Summertime gardens are famous for sunflowers. These glowing, golden, earthly suns delight bees and people alike. They fill the awkward spaces in narrow gardens and peek over fences to greet neighbors. But did you know that sunflowers also detoxify the soil? After the devastation that happened at Chernobyl, cleanup crews planted fields of different types of sunflowers to help heal the earth.
These beautiful flowers can actually pull radiation from the soil. They’re also capable of removing toxic metals such as lead, arsenic, zinc, and copper from soil as deep as their roots can reach into the earth. If your goal is to detox the soil, allow the whole sunflower to die in place after it flowers. Then, gather the dead sunflowers and burn them. The toxins remain in the ashes, but can be contained.
Ultimately, there’s a sunflower to suit every garden. Whether you have an acre to fill with sunny blooms or scarcely a foot of free space, these beauties will inspire and encourage you.
Towering, sky-high sunflowers are ideal for huge fields or narrow yards. They overshadow fences and brighten up walls, and bring all kinds of birds and butterflies to your space. Just keep in mind that some sunflowers can grow to over 17 feet tall, depending on the variety. That’s taller than most fences, and even taller than some houses!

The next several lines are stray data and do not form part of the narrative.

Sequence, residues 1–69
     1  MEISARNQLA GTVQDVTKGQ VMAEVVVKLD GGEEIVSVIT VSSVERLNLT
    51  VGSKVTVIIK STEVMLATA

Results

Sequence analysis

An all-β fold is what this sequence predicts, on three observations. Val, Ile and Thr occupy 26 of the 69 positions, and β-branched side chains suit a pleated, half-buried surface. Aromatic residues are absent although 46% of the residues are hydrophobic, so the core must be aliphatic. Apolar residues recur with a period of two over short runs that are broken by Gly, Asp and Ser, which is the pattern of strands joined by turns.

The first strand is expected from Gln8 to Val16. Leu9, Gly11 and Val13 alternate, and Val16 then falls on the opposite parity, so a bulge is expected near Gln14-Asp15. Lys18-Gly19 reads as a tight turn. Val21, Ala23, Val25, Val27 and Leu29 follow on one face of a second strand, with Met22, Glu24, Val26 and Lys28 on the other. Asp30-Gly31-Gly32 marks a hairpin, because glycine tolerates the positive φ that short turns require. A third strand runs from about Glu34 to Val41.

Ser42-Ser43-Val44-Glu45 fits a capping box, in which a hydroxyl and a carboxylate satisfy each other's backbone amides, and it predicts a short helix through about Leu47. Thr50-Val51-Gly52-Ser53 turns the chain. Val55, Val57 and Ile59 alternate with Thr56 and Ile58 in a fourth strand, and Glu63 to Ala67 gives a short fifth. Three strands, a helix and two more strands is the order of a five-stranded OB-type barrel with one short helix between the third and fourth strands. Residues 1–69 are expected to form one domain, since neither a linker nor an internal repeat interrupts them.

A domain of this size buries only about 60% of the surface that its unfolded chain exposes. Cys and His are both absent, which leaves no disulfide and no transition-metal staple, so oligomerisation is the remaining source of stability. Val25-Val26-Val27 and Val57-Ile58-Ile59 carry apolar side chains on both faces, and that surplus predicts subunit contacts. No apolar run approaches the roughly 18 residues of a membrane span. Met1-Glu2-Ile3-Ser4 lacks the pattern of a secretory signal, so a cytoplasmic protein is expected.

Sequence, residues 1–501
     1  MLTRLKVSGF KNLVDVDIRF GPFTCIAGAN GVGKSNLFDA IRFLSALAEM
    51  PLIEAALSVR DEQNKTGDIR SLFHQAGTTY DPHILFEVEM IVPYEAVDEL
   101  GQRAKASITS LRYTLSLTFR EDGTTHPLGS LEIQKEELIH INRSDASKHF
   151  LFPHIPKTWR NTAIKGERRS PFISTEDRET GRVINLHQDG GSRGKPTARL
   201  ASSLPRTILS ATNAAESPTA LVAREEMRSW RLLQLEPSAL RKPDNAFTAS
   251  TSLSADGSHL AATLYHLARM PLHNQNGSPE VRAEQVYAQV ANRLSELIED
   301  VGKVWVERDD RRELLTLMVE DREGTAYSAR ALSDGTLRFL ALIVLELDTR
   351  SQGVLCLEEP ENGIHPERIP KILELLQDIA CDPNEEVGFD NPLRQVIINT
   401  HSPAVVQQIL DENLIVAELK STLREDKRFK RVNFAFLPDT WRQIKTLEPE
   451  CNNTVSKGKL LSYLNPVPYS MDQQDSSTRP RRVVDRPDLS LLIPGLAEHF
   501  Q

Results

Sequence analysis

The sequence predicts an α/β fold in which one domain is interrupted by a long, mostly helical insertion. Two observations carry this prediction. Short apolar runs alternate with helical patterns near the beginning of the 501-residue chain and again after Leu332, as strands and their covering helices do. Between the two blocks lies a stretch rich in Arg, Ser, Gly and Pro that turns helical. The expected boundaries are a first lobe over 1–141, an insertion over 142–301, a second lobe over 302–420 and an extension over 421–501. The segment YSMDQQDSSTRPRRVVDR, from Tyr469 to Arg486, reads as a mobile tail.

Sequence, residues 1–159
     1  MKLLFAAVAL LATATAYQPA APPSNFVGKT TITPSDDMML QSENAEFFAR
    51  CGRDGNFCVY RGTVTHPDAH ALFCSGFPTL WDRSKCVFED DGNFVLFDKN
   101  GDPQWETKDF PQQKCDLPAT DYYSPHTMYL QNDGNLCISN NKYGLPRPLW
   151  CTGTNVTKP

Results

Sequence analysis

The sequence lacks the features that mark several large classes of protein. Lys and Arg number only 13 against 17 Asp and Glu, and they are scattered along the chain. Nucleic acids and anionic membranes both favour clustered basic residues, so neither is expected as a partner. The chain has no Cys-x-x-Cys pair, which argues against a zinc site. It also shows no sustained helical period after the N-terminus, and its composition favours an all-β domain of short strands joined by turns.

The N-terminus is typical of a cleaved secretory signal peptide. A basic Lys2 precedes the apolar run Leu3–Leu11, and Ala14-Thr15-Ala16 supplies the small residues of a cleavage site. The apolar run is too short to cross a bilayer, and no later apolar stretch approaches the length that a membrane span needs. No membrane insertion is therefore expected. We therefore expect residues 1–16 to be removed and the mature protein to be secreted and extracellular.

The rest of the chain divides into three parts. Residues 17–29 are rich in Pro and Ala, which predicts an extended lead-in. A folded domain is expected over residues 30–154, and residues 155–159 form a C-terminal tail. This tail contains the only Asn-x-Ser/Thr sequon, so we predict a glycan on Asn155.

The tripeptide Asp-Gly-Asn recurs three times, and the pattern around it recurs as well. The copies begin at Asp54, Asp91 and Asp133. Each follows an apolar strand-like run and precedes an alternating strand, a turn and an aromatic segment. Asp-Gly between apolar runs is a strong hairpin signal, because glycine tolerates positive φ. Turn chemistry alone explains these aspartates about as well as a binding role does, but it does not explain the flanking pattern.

1. Schweinitz’s Sunflower
Rare and delicate, this wildflower sunflower is a stunner! Schweinitz’s Sunflowers can grow anywhere between 6 and 16 feet in height. The blossoms are smaller than traditional sunflowers, with delicate, daisy-like centers. Your neighbors will be in awe and the bees will be grateful!
2. Russian Mammoth
Russia is known for its huge golden sunflowers, and for good reason. The Russian Mammoth is one of the oldest and tallest known types of sunflowers around. These giants can grow over 12 feet tall, with huge, heavy flower heads on trunk-like stems. Leave these late summer beauties in the field to feed squirrels and birds over the long winter.
3. American Giant
A cheerful, lanky hybrid, the American giant grows anywhere from 8 to 15 feet tall. Its sturdy stalk makes this variety a great choice for windy climates or narrow fields. The American Giant won’t bend and slump later in the season like some other varieties, so it’s great in tight-knit neighborhoods or as a windbreak.
4. Giant Edible Sunzilla
This hybrid variety is designed to be uniform and consistent. Which doesn’t sound very exciting, but since it consistently reaches heights over 16 feet and produces huge seed heads, you might want to reconsider. The Giant, Edible Sunzilla has a strong, wind-resistant stalk and bright golden petals. It looks like the sunflowers of your childhood, and it’s big enough to make you feel like a child all over again!
5. Heirloom Titan
Heirloom varieties are a joy to grow, and you can save the seeds for autumn snacking or spring planting. The Heirloom Titan consistently grows up to 12-14 feet tall on strong stalks. Its flowers are traditional yellow with dark, seed-heavy centers. Harvest seeds when the petals drop off for a delicious, fiber-rich addition to salads or parfaits.